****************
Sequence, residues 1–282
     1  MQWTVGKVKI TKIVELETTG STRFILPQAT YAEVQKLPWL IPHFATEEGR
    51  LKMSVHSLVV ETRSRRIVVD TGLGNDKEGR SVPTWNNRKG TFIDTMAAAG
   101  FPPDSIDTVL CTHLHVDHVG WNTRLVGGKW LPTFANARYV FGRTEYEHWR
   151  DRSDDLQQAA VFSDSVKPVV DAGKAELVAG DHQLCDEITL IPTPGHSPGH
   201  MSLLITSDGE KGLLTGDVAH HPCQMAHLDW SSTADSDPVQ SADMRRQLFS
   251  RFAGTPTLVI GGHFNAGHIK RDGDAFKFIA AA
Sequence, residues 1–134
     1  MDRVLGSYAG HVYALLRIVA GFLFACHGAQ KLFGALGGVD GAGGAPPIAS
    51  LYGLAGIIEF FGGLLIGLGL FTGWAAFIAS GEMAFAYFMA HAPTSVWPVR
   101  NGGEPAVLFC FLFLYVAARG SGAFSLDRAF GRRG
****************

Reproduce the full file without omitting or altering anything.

Sequence, residues 1–282
     1  MQWTVGKVKI TKIVELETTG STRFILPQAT YAEVQKLPWL IPHFATEEGR
    51  LKMSVHSLVV ETRSRRIVVD TGLGNDKEGR SVPTWNNRKG TFIDTMAAAG
   101  FPPDSIDTVL CTHLHVDHVG WNTRLVGGKW LPTFANARYV FGRTEYEHWR
   151  DRSDDLQQAA VFSDSVKPVV DAGKAELVAG DHQLCDEITL IPTPGHSPGH
   201  MSLLITSDGE KGLLTGDVAH HPCQMAHLDW SSTADSDPVQ SADMRRQLFS
   251  RFAGTPTLVI GGHFNAGHIK RDGDAFKFIA AA
Sequence, residues 1–134
     1  MDRVLGSYAG HVYALLRIVA GFLFACHGAQ KLFGALGGVD GAGGAPPIAS
    51  LYGLAGIIEF FGGLLIGLGL FTGWAAFIAS GEMAFAYFMA HAPTSVWPVR
   101  NGGEPAVLFC FLFLYVAARG SGAFSLDRAF GRRG